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Editorial - Guilty Pleasures

Yesterday was Saturday and I took a duvet day.

For the uninitiated, this was a day literally spent under my duvet i.e. doing nothing. (Well, I binge watched a series on Netflix I’ve been trying to finish for weeks so maybe it wasn’t entirely nothing.) The reason I share this is because instead of relishing my day off, I’ve spent today in an agony of guilt, beating myself up for what most people do on a regular basis.

It’s felt quite alarming to realise the extent to which I found relaxing such a switch from my routine and so disconcerting. Deciding to compound my discomfort with not working, I went on a long walk through the park today, listening to music and pondering why I feel so guilty about relaxing.

An Inconvenient Truth

As an entrepreneur with a portfolio of working activities that include consulting, coaching, training, and writing, there’s always something to do. Over the years it has become second nature to work unless I have a reason not to. The very uncomfortable truth is that this flies in the face of everything I tell my coaching clients about the importance of self-care and well-being. It helps that I love what I do but the downside to loving your work is that it becomes very easy to ignore the boundaries between ‘work’ and ‘leisure’.

As it turns out, I’m not the only one and there is a pile of studies that demonstrates the link between overwork, depression, ill-health, and death. New global research published in May by authors including the World Health Organization (WHO) and the International Labour Organization (ILO) points to the sobering analysis that three-quarters of a million people three-quarters of a million people are dying from heart disease and stroke each year as a result of working long hours. A BBC report on the study points out that on this basis, ‘more people are dying from overwork than from malaria’. Constant overworking takes a biological toll with overworked stress hormones causing high cholesterol and elevated blood pressure. The chances are that long working hours are accompanied by too little sleep and exercise, which in turn causes behavioural changes such as poor eating habits and reliance on stimulants like alcohol or tobacco.

The truth is, no matter how much you love your work, too much of it can leave you feeling stale, lethargic, and uninspired (not helpful when you’re writing a novel). Regular breaks can also help improve overall job satisfaction, and numerous studies have shown the importance of taking a break, whether it’s for an hour, a day, or even longer. Inserting breaks into our busy lives has been shown to reduce stress and impact positively on wellbeing and productivity which, in turn, boosts our performance.

The truth is, no matter how much you love your work, too much of it can leave you feeling stale, lethargic, and uninspired.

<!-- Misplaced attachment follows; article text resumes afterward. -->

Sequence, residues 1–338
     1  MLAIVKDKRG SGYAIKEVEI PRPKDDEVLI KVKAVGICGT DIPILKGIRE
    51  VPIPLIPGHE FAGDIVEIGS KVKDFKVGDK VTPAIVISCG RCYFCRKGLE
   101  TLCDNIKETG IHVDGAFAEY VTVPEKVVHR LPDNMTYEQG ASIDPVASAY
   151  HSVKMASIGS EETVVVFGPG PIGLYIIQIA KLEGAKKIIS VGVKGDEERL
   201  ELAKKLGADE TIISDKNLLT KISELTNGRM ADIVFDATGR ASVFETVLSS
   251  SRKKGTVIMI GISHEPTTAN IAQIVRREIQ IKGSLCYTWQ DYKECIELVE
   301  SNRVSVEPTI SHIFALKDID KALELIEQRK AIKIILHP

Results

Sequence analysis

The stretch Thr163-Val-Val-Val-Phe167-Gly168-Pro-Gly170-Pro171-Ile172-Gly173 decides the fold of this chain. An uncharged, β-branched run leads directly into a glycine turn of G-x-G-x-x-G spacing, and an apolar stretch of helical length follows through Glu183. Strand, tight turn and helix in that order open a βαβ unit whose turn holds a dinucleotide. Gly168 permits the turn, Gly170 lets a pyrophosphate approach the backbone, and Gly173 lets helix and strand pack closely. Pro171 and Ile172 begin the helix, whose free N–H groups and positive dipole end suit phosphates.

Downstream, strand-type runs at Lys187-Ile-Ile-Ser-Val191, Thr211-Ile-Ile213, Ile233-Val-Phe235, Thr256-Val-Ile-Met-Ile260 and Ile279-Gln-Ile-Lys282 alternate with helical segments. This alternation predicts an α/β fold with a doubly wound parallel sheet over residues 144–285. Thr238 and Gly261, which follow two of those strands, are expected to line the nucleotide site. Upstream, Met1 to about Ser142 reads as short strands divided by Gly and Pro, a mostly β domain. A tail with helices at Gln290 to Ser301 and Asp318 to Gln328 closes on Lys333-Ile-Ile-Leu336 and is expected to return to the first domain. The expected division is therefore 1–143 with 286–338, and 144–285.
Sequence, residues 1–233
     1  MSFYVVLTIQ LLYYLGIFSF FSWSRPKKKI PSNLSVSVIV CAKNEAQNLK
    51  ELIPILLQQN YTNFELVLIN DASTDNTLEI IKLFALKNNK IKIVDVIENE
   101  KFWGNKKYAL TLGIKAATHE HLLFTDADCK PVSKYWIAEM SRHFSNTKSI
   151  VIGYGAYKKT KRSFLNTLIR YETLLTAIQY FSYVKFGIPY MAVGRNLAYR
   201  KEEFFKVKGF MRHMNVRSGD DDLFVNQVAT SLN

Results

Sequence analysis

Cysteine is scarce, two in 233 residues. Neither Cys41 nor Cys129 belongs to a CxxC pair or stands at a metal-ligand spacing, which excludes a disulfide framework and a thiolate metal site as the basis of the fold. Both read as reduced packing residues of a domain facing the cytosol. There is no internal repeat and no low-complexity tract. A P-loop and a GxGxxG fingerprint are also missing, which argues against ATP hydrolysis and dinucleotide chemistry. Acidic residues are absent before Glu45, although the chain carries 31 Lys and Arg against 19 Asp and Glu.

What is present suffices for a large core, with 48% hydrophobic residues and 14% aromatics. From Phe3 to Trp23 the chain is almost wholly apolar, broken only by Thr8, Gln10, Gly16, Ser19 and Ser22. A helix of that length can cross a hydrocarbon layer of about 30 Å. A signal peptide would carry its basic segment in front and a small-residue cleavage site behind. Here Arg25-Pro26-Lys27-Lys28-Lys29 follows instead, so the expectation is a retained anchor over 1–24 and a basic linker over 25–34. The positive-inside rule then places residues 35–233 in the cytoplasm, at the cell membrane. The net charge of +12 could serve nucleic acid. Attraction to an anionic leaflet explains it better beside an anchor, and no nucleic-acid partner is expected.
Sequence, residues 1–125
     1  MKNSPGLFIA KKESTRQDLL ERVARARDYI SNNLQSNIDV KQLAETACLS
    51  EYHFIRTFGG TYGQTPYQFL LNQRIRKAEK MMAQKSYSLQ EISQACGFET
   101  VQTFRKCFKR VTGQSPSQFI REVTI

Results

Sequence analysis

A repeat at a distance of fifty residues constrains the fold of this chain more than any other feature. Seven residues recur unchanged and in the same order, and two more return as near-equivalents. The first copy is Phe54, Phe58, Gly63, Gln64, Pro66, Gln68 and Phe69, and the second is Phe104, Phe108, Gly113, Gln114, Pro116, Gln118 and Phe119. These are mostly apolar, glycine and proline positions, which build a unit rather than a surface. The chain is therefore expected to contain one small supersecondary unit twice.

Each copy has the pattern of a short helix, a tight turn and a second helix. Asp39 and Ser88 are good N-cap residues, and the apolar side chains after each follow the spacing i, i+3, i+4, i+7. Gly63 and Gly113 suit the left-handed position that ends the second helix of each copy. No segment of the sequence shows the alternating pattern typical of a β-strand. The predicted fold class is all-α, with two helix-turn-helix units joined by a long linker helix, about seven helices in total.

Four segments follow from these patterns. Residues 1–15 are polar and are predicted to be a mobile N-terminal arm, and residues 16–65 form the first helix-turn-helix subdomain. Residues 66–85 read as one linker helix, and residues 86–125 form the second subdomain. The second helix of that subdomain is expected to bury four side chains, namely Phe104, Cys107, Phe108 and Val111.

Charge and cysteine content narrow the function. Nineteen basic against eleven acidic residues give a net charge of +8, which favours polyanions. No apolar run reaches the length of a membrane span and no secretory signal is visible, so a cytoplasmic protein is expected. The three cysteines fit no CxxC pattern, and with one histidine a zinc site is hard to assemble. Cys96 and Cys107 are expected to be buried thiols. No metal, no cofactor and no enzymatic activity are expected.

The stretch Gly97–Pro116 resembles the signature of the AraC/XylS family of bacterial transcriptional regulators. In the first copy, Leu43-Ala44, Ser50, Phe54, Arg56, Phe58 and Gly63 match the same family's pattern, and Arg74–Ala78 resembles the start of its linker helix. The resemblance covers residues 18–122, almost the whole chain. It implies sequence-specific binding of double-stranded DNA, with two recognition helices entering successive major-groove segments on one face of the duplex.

But if taking a break and relaxing is so good for us, why is it so hard to do?

One reason perhaps is that we have unconsciously internalised expectations and narratives – both our own and those of other people – about success and failure, leaving us feeling compelled to strive towards targets which our conscious mind acknowledges as impossible and yet we still die trying to achieve. It’s not a stretch to add to this toxic mix all the harmful myths that abound about superwomen who can balance the strains of working life with family and personal demands without breaking a sweat. And, of course, let’s not forget the perennial myth of the strong and super-resilient black woman for whom nothing is too much.

Sadly, the only thing that’s true about this particular myth is that it leads to burnout and poor mental and physical health.

Burnout vs Productivity

If, like me, you associate pleasure with guilt, it’s time we learned to decouple these two notions. Unlearning the lessons we have taught ourselves can be extremely challenging, and I’m the first to admit I can be incredibly stubborn about this, particularly when the new lessons contradict my well-established self-narratives. But we don’t always get a second chance to learn the same lesson, so this is one well worth paying attention to.

There’s nothing wrong with challenging yourself to perform to your best, but it should not come at the cost of your mental or physical wellbeing. We need breaks to improve our thinking, give us time to reflect, and spur our creativity. Taking time for ourselves will ultimately do more to improve our performance than soldiering on just to end up running on empty.

So, as I sign off to take a break before the new week starts, my advice to myself is to learn my own lessons and instead of ‘do as I say’, switch to ‘physician, heal thyself’.

After all, don’t they say the graveyards are full of busy people?


Founder & Managing Editor, ReConnect Africa

‘Imperfect Arrangements’ ‘From Pasta to Pigfoot’ and ‘From Pasta to Pigfoot: Second Helpings’ and the books I Want to Work in… Africa: How to Move Your Career to the World’s Most Exciting Continent’ and ‘Everyday Heroes – Learning from the Careers of Successful Black Professionals’

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